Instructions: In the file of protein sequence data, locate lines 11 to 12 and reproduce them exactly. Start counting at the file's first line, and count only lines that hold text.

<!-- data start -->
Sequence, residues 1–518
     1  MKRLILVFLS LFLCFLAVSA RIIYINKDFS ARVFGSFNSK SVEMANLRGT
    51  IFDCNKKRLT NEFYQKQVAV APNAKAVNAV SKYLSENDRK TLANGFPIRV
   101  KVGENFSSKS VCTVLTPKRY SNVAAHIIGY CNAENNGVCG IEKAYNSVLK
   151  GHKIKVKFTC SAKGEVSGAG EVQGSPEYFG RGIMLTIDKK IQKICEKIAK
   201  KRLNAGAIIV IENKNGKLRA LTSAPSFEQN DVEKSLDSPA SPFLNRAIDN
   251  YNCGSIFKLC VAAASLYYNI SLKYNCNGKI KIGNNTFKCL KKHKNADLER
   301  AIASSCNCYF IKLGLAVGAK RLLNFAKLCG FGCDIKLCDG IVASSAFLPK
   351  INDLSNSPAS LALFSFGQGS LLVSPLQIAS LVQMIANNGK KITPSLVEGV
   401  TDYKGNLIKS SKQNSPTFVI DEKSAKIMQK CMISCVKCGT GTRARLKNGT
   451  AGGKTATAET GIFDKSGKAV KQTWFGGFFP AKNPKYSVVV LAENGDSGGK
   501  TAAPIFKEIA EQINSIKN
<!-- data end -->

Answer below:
   451  AGGKTATAET GIFDKSGKAV KQTWFGGFFP AKNPKYSVVV LAENGDSGGK
   501  TAAPIFKEIA EQINSIKN